|History of the Col. Lewis||According to family lore, Grandpa
Berk and Great-Uncle Robert added a sail to the old wooden fishing boat
they found on the shores of Lake Superior. I have to confess that
I am a bit skeptical that anyone fishing in a wooden boat on Lake Superior
in the early 20th Century would have done so without multiple means of
propulsion. Outboard engines were only just being developed back
then, and the prospects of rowing a boat-load of fish in anything but flat
water would seem pretty daunting. So personally, I would be surprised
if the original hadn't had some sort of sail power. Now, I think
it is perfectly reasonable to think that Berk and Robert stitched a new
sail and added their own masts, spars, and stays. Whatever the true story
is, we will probably never know.
What I do know is that Berk and Robert set up the boat with a gaff-rig sail and a small jib. I don't know if it says more about our superb organization, or our inability to ever throw anything away, but even though it's been in storage in several different places for nearly 30 years, I was able to find nearly every piece of hardware and rigging. Of all the bits and pieces, the only things that are missing are one turnbuckle, and 3 bronze rings that attach the sail to the mast (and one of those was swiped for the windchimes you can hear in the background in Colonel Lewis: First Looks, which is a 26.3 MB QuickTime video).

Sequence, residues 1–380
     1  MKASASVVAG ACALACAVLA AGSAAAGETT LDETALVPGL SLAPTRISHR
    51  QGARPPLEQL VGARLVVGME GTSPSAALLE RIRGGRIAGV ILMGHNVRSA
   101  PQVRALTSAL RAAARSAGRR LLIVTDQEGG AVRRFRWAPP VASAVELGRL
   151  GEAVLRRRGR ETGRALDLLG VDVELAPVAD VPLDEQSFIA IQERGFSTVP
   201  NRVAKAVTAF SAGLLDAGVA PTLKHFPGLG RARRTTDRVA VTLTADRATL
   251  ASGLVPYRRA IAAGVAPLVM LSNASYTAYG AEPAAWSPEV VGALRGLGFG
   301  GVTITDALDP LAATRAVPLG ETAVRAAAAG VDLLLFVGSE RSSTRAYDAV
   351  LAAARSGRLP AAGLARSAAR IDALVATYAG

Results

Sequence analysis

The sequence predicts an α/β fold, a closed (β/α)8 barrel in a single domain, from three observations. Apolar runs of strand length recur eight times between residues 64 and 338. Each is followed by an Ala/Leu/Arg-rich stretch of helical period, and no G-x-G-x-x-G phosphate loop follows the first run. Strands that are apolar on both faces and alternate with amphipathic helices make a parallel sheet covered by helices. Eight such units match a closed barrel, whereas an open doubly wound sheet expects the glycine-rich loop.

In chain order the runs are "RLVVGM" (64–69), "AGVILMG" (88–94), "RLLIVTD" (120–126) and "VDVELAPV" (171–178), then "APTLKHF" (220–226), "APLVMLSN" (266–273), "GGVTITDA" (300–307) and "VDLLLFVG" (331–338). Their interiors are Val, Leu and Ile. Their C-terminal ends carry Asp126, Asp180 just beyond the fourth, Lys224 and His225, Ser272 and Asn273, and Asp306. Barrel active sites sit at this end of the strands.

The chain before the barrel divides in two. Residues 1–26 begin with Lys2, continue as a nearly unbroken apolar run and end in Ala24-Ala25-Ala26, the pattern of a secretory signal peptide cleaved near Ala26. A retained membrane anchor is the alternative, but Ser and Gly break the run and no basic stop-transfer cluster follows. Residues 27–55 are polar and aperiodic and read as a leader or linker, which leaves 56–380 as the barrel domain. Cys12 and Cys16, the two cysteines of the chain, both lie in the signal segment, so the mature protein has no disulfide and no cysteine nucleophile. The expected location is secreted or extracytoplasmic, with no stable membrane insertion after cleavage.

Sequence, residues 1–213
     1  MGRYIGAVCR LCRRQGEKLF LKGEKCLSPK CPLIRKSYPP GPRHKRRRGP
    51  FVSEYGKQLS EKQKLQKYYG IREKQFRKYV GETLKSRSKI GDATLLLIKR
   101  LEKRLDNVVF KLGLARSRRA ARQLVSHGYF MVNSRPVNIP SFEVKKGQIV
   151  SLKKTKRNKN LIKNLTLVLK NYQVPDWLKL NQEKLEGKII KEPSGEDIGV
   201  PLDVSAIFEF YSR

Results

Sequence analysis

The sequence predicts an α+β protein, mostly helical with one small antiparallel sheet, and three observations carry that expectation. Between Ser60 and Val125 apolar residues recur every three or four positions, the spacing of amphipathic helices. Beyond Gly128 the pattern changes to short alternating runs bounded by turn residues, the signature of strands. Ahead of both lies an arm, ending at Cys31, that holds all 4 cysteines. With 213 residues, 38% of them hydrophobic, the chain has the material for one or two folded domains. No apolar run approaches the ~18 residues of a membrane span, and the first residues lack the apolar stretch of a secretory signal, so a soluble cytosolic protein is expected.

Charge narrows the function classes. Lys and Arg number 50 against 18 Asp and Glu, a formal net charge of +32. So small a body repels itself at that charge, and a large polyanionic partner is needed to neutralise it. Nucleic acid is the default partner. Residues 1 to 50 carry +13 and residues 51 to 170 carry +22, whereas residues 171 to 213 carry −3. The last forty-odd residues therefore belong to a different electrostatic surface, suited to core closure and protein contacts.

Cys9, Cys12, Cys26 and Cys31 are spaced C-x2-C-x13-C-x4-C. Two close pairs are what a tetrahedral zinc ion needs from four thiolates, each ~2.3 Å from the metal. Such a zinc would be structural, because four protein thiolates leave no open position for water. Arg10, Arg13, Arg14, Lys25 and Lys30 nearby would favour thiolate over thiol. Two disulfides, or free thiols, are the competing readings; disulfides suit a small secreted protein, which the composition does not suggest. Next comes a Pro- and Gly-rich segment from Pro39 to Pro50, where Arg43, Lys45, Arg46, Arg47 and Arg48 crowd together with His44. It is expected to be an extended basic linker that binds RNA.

In the short term, I will use a white nylon sail that
was given to me by Brad Wright, via Peter Lape. All I know is that
it was originally on a Bermuda-rigged 22' sharpie. Eventually, I
will stitch my own replacement sail, which is currently being designed
and cut by PT Sails.
But for now, I simply cut off the peak of the Bermuda rig and sewed it
to roughly match the outline of the original mains'l.